Tauranga mayor Tenby Powell says councillor Andrew Hollis should resign over his controversial Treaty of Waitangi comments.
Powell said, in his opinion, Hollis had shown he had pre-determined views and should not be allowed to participate in any council decisions relating to iwi or the Treaty, which was most decisions.
Hollis, however, said he would not resign and stood by his comments, saying they will not conflict him in any decision.
He said he had more positive feedback than negative and he would be "nuts" to disregard it.
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"I actually think that if I had bought this up prior to the election process a lot harder than I had, then Tenby's position as mayor might even be challenged," he said. Hollis placed fourth in the mayoral race, more than 11,500 votes behind Powell.
Hollis was accused of racism after making social media comments supporting burning the Treaty of Waitangi, calling it a joke and saying it was past its use-by date.
Hollis has denied he is racist.
In a Local Focus story published on the Bay of Plenty Times website on Saturday, Race Relations Commissioner Meng Foon called for Hollis to resign, as did local Māori.
Powell has said he does not agree with Hollis' comments but previously stopped short of calling for his resignation, saying more than 7000 people voted for Hollis.
He said he was "bewildered" by Hollis' views, which did not represent the rest of the council.
Powell told the Bay of Plenty Times he had been reflecting on the matter for the last few days.
Powell said in his view: "I think he should resign. He is deeply conflicted on anything regarding iwi and the Treaty."
Powell said he believed the big question was whether Hollis would take the oath when the new council was sworn in on Thursday at 1pm.
In the oath - or declaration - councillors promise to work impartially in the best interests of Tauranga and uphold the Local Government Act and other acts. The Act includes Treaty-related provisions and principles for councils.
Elected members cannot act as a member of the council until sworn in.
"I hope that if Andrew does take the oath and if he is genuine in his desire to abide by the code of conduct and be impartial and work hard for all communities, then there is an opportunity for Andrew to grow."
Hollis said Powell had "a number of positions" and the two were due to meet today.
Hollis denied he was either racist or "conflicted on any local iwi issues".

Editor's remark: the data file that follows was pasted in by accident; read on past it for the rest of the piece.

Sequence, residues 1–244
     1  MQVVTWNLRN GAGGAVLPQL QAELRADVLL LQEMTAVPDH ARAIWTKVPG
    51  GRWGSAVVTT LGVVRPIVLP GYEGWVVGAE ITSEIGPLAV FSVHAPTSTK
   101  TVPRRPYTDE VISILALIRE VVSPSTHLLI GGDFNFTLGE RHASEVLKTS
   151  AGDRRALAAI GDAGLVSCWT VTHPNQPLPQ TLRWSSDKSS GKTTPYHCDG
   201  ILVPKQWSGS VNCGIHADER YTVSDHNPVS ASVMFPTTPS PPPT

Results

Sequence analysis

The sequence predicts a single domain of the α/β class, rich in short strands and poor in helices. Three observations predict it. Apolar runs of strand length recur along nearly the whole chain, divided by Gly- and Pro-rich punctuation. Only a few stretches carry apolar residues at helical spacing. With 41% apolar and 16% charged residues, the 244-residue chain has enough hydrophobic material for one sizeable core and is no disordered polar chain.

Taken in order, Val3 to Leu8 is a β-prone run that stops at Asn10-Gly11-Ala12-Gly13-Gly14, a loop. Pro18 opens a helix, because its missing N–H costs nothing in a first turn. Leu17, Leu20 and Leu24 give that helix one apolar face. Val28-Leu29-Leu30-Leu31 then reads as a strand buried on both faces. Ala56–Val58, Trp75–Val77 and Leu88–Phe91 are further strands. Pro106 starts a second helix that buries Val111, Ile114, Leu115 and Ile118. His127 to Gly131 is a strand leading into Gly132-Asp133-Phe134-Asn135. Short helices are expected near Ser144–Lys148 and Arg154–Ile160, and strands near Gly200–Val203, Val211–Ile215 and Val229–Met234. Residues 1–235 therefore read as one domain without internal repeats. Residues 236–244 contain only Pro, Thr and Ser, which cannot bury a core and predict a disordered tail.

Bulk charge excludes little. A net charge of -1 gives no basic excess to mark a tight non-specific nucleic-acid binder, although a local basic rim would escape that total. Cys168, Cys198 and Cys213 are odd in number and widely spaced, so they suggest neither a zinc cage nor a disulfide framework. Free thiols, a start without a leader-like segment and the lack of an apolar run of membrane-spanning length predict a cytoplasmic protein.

"There's no conflict in what I have said at all. What I have said is there comes a time when settlements need to be completed and the Waitangi Tribunal gets disbanded."
Put to him he also made disparaging comments about the Treaty, and there were Treaty provisions in the Act the council must uphold, he said:
"I haven't said anywhere that I will not uphold the Treaty, I have just said I disagree with it.
"I might disagree with an 80km/h speed limit but I will still uphold it."
He said he would work with iwi in the same way as any other group. Treaty issues needed to be able to be discussed, and councillors needed the freedom to express their views.
"I haven't done anything in particular to upset local iwi except say there will come a time when settlements need to finish."
He said his "suggestion that burning the Treaty might be a good idea" came from a heated discussion and was not meant literally.
Another new councillor, Jako Abrie, posted on his professional Facebook page that Hollis should resign.
He expressed the view: "How can a person who wants to 'burn the treaty' fulfil their legal obligation to Māori?"
He later deleted the page after a row erupted under the post. He said he did not want to give space to "keyboard warriors or trolls", nor spend time policing them.
Hollis said he did not care about Abrie's view.
Opinions differed among the rest of the councillors. Most either disagreed with Hollis' comments but did not say he should resign, or did not want to take a position - either at all or without speaking to Hollis.
Councillor Steve Morris said he disagreed with Hollis' views but did not think he was a racist or that he should resign.
"Calling someone a racist for having strong opinions diminishes the word."
Councillor Larry Baldock said if Hollis continued to promote his opposition to the treaty once he was a sworn councillor, he would support a censure.
Declaration for elected members
I declare that I will faithfully and impartially, and according to the best of my skill and judgment, execute and perform, in the best interests of Tauranga City, the powers, authorities, and duties vested in, or imposed upon, me as Member of the Tauranga City Council by virtue of the Local Government Act 2002, the Local Government Official Information and Meetings Act 1987, or any other Act.
Source: Tauranga City Council
Local Government Act
Section 4, Treaty of Waitangi, states:
In order to recognise and respect the Crown's responsibility to take appropriate account of the principles of the Treaty of Waitangi and to maintain and improve opportunities for Māori to contribute to local government decision-making processes, Parts 2 and 6 provide principles and requirements for local authorities that are intended to facilitate participation by Māori in local authority decision-making processes.